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Multiplatform Gliknik Tackling Cancer, Immune Disease Markets

BioWorld Today
By Jennifer Boggs
Assistant Managing Editor

Despite its small size – only five employees – young biotech firm Gliknik Inc. has some big goals.

Founded in 2007 by friends CEO David Block and Scott Strome, a scientist at the University of Maryland School of Medicine, Gliknik’s work is powered by three platform technologies, each of which has the potential to target the large cancer and immune disease markets. The Stradomer platform is designed to produce recombinant drugs that mimic IVIG; the Stradobody platform develops compounds similar to monoclonal antibodies but with increased immune cell response; and the Immunomodulator platform is working on peptide therapeutic vaccines.

All the technology was licensed from the University of Maryland, Baltimore, and the Mayo Clinic.

Those are “a lot of assets for a company of our size,” Block acknowledged. “And what’s nice about the Stradomer and Stradobody platforms is that they’re relatively low risk,” which could make them attractive to investors and partners alike. But the firm’s immunomodulator work is the most advanced to date, building on “what we have learned from some of the failures of cancer vaccines over the last couple of decades,” Block said.

Gliknik’s vaccines are designed to boost CD4, CD8 and antibody immune responses against cancer by targeting specific antigens. Its two lead compounds – GL-0810, designed to target human papillomavirus (HPV-16), and GL-0817, designed to target MAGE-A3 – both have shown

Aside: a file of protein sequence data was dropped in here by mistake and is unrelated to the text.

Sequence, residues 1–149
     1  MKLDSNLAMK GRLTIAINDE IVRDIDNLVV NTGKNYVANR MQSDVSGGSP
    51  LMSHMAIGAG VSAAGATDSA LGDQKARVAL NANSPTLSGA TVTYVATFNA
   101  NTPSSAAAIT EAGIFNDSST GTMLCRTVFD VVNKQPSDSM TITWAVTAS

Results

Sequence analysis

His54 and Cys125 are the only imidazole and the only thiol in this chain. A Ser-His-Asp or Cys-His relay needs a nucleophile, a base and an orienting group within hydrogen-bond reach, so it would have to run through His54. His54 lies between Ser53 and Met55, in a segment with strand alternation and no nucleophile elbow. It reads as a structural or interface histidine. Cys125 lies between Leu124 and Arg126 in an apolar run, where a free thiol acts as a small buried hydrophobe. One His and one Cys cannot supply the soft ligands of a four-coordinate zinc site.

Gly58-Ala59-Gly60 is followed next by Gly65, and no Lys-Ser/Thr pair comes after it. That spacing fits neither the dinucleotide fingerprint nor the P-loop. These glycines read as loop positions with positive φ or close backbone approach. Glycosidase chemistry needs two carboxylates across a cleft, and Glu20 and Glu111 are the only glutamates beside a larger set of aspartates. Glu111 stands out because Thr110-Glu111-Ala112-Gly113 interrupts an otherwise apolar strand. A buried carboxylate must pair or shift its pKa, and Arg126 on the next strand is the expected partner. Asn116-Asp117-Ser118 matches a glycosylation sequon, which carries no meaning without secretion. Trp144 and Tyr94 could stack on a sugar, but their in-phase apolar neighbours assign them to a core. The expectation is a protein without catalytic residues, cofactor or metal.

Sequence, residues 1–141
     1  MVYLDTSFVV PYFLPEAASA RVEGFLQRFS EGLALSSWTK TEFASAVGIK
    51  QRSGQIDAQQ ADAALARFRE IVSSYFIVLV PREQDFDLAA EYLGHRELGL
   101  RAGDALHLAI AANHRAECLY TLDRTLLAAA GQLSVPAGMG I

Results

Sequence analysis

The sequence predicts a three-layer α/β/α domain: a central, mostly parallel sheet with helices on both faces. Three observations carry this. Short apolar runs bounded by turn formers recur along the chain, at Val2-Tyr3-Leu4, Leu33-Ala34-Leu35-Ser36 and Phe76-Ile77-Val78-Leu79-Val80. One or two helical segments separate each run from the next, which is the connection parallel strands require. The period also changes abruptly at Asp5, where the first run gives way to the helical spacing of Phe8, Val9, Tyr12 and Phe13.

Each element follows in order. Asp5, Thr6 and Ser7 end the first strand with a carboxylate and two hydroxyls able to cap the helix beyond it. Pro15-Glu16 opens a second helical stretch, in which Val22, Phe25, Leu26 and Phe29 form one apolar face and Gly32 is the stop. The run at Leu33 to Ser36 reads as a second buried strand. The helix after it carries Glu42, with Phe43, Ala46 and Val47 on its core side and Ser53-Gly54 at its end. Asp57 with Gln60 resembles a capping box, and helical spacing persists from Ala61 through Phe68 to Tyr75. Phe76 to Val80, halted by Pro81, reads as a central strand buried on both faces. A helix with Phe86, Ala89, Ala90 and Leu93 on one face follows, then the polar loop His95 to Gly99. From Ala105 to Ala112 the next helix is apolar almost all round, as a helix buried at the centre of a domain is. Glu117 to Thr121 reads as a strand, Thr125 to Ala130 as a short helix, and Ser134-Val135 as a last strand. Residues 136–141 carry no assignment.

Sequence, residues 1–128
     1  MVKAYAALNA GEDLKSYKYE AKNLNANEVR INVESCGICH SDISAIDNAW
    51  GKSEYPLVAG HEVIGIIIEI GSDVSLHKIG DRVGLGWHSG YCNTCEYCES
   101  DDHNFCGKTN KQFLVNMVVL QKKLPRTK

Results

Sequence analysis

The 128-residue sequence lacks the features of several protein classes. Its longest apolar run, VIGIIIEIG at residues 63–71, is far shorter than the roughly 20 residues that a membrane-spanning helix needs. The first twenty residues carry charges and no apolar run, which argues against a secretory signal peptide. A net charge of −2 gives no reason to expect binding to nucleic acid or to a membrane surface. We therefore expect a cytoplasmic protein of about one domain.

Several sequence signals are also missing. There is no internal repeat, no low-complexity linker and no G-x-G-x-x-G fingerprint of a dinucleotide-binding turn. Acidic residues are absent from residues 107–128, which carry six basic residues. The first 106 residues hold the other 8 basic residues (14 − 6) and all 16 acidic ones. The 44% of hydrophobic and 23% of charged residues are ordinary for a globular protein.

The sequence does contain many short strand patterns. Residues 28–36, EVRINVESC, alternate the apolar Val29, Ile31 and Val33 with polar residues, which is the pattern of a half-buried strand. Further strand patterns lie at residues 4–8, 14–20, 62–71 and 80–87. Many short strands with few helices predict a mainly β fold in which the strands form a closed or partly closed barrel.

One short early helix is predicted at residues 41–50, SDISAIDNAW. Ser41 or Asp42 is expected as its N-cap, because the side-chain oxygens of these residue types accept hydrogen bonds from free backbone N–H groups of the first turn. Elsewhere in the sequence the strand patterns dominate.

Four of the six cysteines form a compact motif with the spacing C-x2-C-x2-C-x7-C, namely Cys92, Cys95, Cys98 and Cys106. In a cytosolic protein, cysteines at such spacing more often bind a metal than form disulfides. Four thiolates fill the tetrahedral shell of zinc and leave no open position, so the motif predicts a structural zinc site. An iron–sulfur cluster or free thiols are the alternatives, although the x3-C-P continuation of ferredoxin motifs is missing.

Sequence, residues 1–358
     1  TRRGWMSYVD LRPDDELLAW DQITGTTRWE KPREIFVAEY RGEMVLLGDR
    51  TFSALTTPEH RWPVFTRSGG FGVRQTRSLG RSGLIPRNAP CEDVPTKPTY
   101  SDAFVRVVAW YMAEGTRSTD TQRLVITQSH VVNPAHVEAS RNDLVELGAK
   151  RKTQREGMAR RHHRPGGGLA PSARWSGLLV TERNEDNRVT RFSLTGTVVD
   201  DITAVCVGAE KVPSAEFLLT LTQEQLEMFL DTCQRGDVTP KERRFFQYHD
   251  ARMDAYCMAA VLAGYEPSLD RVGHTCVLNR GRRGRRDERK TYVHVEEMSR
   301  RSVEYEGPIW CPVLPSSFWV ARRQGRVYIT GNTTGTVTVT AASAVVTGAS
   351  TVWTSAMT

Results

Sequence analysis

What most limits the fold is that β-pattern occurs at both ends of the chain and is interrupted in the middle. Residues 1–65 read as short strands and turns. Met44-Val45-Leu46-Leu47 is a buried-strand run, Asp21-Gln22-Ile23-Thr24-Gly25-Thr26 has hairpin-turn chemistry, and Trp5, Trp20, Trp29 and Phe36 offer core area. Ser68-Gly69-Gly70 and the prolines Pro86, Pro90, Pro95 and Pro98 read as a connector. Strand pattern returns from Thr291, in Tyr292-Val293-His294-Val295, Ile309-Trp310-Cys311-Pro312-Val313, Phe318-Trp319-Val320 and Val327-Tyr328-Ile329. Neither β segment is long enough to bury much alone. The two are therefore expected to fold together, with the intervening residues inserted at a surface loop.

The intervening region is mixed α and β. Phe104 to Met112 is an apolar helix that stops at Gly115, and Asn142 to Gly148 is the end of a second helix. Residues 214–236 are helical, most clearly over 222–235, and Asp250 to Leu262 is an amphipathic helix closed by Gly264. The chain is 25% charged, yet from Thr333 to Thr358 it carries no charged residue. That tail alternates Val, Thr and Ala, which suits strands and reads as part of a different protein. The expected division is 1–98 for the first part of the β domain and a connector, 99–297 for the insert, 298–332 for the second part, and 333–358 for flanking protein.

promise in head and neck cancer, for which the FDA granted orphan designation last year.

“We’re looking to get clear proof of concept in that [indication] first,” Block told BioWorld Today, but the vaccines could later be moved into additional cancer types.

For instance, London-based GlaxoSmithKline plc has shown promising early data with its MAGE-13-targeting immunotherapeutic in lung cancer. And MAGE also has been implicated in breast cancer, Block said.

Gliknik plans to start a second trial with its vaccines this year. Also in 2010, the firm hopes to advance the first Stradomers into preclinical testing. “What’s exciting about this [program] is that we expect to get proof of concept in Phase I,” Block said.

IVIG (human intravenous immunoglobulin) currently is used to treat more than 50 autoimmune conditions and represents a $3 billion market. But it’s based on plasma pooled from donors, which puts it at supply risks and can result in potentially serious reactions.

Gliknik has been able to create a recombinant version of IVIG, designated GL-2045. And early work in animal models has shown a more robust response compared to IVIG in treating immune disorders, Block said.

The company’s third platform, Stradobodies, also aims at creating improved products – in this case, antibodies. They are designed to “change the back end, the Fc end, of the monoclonal antibody to induce stronger immune cell response,” Block said.

Though it intends to begin development of its own internal Stradobody in the next year or so, the technology platform might prove particularly suitable for partnershipssince it appears to be applicable to every antibody that acts through antibody-dependent cell cytotoxicity.

Gliknik’s raised $4 million in investor money to date and has secured grant funding, including federal grants that are supporting the ongoing trials of immunomodulators GL-0810 and GL-0817. Block said plans are under way to seek additional financing to support further R&D work, but the company hopes to bring in additional money via partnering deals.

Within the next couple of years, “we expect to enter one or more pharmaceutical partnerships,” he said.

Gliknik is based at the University of Maryland BioPark BioInnovation Center. In addition to Block and Strome, the company’s management team is rounded out with Henrik Olsen, principal scientist.